To situate this thesis in historico-empirical terms, I would claim that we can define a specific moment at which this transformation took place, with such clarity that I very much doubt anything comparable occurred elsewhere. That moment is the thought-interval between Bruno Bauer’s pamphlet on The Jewish Question (Die Judenfrage) in 1843 and Karl Marx’s infinitely more famous critical commentary on Bauer published the following year as Zur Judenfrage, and which I would call the founding manifesto of the modern Jewish Question. This association of the Jewish Question, which would of course be the chief preoccupation of one of the two major “totalitarian” revolutionary movements of the 20th century, with Marx, the ideological founder of the other, still more important such movement—one in which, as Yuri Slezkine points out in The Jewish Century, two generations of Russian Jews were deeply involved—goes far to demonstrate the centrality of firstness and the resentment it arouses to Western and human history.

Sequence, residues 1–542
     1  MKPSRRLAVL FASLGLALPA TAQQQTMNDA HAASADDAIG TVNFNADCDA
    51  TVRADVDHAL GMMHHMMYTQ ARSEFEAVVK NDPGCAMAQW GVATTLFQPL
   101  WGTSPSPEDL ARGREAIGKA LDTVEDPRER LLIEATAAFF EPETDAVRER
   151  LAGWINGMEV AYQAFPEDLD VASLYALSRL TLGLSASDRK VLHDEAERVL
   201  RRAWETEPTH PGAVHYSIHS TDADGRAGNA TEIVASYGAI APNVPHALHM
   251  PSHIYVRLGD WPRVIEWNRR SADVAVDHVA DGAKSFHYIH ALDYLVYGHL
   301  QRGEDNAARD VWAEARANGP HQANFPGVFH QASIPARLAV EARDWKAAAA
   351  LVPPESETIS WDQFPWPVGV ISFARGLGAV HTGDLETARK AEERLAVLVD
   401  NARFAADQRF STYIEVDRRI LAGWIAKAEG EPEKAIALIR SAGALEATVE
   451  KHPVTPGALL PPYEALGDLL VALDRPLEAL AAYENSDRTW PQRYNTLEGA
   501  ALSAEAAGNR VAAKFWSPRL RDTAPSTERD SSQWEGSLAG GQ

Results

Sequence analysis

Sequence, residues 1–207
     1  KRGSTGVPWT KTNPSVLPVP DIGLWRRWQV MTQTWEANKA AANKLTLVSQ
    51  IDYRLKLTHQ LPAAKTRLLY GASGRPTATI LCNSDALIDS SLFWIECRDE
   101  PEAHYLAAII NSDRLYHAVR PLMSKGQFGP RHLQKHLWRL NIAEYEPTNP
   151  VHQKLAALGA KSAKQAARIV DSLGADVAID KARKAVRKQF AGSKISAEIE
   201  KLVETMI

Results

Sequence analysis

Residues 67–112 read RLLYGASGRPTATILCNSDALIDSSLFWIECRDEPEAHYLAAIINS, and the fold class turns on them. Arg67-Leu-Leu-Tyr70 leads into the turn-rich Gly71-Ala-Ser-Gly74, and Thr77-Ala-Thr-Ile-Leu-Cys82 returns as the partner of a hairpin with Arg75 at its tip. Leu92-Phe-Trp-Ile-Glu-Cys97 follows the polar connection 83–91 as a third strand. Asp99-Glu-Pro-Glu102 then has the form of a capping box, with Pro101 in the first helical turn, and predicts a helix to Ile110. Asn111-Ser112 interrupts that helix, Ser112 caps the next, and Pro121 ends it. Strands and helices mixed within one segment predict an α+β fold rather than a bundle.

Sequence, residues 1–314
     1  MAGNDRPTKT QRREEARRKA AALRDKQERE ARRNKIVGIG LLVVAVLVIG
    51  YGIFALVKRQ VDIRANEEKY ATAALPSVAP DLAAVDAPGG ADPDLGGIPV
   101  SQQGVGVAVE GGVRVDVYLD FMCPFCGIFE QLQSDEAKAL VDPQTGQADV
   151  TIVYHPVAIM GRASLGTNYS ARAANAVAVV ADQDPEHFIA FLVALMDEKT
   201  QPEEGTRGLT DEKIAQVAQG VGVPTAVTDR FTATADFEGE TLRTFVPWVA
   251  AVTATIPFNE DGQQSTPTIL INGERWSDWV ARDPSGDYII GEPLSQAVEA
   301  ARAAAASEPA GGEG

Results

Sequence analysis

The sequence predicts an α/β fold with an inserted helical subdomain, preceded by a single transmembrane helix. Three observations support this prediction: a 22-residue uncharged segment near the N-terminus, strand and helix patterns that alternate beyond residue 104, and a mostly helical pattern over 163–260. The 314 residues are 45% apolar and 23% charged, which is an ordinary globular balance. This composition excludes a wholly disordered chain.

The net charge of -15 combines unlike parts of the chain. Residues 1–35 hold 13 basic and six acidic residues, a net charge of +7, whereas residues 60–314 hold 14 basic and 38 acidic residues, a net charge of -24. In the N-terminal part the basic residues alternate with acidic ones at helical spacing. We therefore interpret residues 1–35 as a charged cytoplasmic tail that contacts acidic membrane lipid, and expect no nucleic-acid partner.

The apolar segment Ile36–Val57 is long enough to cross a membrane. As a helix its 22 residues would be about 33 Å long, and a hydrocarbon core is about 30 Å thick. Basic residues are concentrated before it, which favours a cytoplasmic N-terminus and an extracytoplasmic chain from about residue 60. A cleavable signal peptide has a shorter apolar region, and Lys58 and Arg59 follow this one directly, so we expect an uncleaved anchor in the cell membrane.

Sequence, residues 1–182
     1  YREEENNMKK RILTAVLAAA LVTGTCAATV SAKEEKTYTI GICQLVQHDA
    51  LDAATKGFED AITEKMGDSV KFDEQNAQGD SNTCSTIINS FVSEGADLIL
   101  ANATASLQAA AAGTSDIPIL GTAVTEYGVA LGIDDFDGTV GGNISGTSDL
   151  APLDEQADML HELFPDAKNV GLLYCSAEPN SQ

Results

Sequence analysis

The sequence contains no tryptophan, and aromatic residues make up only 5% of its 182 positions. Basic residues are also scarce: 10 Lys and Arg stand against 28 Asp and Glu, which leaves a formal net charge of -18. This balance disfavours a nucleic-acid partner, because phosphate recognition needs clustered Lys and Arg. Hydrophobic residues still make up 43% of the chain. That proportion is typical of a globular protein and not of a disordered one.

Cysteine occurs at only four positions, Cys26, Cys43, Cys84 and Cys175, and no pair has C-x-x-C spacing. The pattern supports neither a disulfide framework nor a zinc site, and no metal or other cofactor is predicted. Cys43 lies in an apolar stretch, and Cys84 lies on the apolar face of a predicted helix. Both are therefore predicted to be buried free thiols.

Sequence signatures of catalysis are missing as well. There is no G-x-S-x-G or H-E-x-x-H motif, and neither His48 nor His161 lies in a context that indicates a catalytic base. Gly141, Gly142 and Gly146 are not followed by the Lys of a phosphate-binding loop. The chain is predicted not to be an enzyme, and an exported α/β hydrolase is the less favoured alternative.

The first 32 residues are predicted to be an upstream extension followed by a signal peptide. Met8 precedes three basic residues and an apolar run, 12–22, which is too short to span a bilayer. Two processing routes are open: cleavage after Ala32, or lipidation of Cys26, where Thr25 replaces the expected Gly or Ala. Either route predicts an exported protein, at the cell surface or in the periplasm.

Much ink has been spilled over the question of whether Marx, or even Bauer, is “really” antisemitic. Bauer is no medieval Christian attacking the Jews as having rejected Christ; he is a “Left-Hegelian” atheist who criticizes the religious principles of Christianity as well as Judaism, and who ultimately sees religion and modern liberalism as incompatible principles of social organization. Bauer remains nevertheless representative of the “old” antisemitism in that he defines the Jews by their religious particularity: their adherence to the Law, whose archaic, sacrificial nature he emphasizes (he makes similar if more mitigated criticisms of Christian ritual), and their separateness as a community from the Christian world within which the sciences and arts of modernity have emerged. (That this critique sounds ludicrous in the world of Einstein and Freud and Proust only illustrates the considerable difference between the old and the new Jewish Question.) Indeed, Bauer excoriates the Jews for hypocrisy whenever, as with the Sanhedrin convened by Napoleon in 1807, they attempt to downplay the specificity of their Law and its incompatibility with the laws of modern states. For Bauer, the “modern Jew” who is no longer concerned to obey his religious laws and who expresses loyalty to the modern state is not really a Jew at all. If Bauer takes an adversarial stance toward the “emancipation of the Jews,” it is because he takes seriously the traditional idea that they constitute a separate community. Thus his discussion of Jewish emancipation in France insists on the fact that even in the absence of an established religion, because the majority of French people are Christian, Sunday is the weekly day of rest; “emancipated” Jews who want to celebrate their own Sabbath on Saturday must suffer the disadvantage of taking a second day off. This is a critique of the hypocrisy of the “secular” state more than of the Jewish minority, but Bauer’s point is that for a Jew to obtain emancipation in such a state, he must renounce the specificity of his Judaism and therefore be no longer truly a Jew.